The Captain And The Quadrant.
A godly man, the master of an American ship, during one voyage found his
ship bemisted for days, and he became rather anxious respecting her
safety. He went down to his cabin and prayed. The thought struck him, if
he had with confidence committed his soul to God, he might certainly
commit his ship to Him; and so, accordingly, he gave all into the hands
of God, and felt at perfect peace; but still he prayed, that if He would
be pleased to give a cloudless sky at twelve o'clock, he should like to
take an observation to ascertain their real position, and whether they
were on the right course.
He came on deck at eleven o'clock, with the quadrant under his coat. As
it was thick drizzling, the men looked at him with amazement. He went to
his cabin, prayed, and came up. There seemed still to be no hope. Again
he went down and prayed, and again he appeared on deck with his quadrant
in his hand. It was now ten minutes to twelve o'clock, and still there
was no appearance of a change; but he stood on the deck, waiting upon
the Lord, when, in a few minutes, the mist seemed to be folded up and
rolled away as by an omnipotent and invisible hand; the sun shown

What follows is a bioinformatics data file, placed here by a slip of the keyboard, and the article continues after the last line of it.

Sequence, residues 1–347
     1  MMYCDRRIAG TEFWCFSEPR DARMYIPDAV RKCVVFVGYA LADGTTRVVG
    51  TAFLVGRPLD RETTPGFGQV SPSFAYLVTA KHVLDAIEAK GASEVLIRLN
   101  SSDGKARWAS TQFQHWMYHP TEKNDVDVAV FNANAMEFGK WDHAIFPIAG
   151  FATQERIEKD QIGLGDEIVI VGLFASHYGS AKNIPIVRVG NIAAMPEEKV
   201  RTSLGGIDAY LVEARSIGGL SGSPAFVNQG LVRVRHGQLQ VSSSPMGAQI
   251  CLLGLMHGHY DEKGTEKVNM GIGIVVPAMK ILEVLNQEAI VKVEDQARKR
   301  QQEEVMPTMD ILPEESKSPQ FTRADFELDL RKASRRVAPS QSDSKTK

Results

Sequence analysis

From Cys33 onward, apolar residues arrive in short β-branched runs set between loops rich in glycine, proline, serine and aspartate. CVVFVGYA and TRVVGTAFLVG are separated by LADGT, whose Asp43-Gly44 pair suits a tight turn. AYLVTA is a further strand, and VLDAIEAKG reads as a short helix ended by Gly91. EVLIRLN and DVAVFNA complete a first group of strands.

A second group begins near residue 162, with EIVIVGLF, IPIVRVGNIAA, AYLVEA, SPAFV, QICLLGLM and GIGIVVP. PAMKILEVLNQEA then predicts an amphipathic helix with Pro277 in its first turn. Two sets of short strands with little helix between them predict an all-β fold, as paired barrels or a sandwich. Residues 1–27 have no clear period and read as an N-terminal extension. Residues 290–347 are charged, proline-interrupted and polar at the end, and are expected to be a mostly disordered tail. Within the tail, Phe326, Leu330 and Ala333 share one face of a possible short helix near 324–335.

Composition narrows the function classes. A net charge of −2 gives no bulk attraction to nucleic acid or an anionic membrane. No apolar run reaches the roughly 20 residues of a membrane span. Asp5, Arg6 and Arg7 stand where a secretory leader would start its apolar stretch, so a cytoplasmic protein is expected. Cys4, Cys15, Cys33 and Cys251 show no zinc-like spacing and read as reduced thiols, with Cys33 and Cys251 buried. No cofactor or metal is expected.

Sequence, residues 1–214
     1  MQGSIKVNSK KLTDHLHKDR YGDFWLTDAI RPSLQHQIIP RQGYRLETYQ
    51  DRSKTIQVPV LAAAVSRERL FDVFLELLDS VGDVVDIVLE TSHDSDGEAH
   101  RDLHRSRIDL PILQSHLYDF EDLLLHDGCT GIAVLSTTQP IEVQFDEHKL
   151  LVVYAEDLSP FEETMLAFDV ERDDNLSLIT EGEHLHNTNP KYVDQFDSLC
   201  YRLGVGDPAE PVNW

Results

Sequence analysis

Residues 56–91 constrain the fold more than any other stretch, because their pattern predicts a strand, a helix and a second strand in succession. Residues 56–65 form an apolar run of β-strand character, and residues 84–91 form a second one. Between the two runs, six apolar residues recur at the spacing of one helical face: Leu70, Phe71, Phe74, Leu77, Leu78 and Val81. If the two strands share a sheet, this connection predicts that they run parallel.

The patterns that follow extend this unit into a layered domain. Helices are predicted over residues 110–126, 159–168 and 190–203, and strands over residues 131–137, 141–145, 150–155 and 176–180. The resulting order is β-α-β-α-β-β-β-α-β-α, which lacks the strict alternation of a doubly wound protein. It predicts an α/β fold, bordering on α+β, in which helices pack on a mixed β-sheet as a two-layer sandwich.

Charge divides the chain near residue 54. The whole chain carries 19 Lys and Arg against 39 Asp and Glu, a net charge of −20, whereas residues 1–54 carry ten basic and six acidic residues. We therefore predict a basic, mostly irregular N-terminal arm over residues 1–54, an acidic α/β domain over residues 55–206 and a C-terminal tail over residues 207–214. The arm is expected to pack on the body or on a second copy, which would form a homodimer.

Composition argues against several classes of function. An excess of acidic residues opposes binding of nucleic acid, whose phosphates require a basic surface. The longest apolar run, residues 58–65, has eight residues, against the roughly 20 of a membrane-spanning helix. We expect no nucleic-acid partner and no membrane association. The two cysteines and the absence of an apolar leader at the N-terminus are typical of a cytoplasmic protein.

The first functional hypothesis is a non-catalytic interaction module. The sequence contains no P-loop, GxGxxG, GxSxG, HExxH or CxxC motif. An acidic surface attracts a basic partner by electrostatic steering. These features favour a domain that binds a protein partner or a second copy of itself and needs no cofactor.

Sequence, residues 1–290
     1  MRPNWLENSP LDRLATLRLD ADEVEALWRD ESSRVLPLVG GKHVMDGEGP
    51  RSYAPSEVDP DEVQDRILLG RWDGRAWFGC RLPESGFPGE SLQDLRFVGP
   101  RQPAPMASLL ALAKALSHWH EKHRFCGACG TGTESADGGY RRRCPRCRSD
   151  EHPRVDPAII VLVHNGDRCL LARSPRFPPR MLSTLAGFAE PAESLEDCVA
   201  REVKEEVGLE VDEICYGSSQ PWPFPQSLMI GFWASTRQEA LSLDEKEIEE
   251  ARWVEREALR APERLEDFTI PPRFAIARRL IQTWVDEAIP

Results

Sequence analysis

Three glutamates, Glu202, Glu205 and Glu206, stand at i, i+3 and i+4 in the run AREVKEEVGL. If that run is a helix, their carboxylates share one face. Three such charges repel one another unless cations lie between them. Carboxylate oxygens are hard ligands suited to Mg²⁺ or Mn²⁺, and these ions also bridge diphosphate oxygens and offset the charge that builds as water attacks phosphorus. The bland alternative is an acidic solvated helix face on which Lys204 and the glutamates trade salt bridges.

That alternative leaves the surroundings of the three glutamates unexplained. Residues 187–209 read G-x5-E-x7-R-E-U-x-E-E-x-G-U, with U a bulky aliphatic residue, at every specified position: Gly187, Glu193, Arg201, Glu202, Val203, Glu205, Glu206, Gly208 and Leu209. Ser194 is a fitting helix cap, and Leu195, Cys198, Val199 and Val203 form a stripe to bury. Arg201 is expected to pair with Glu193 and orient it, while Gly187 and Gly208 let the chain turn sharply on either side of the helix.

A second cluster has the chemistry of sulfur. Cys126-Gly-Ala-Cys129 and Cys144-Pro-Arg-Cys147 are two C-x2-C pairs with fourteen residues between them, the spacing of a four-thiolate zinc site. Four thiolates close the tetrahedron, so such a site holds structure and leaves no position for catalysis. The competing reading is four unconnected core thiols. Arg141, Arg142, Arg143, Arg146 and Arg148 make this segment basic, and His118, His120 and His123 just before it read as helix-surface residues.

clearly from the blue vault of heaven, and there stood the man of prayer
with the quadrant in his hand, but so awe-struck did he feel, and so
"dreadful" was that place, that he could scarcely take advantage of the
answer to his prayer. He, however, succeeded, although with trembling
hands, and found, to his comfort, that all was well. But no sooner had
he finished taking the observation than the mist rolled back over the
heavens, and it began to drizzle as before.
This story of prayer was received from the lips of the good Captain
Crossby, who was so useful in the Ardrossan awakening; and he himself
was the man who prayed and waited upon his God with the quadrant in his
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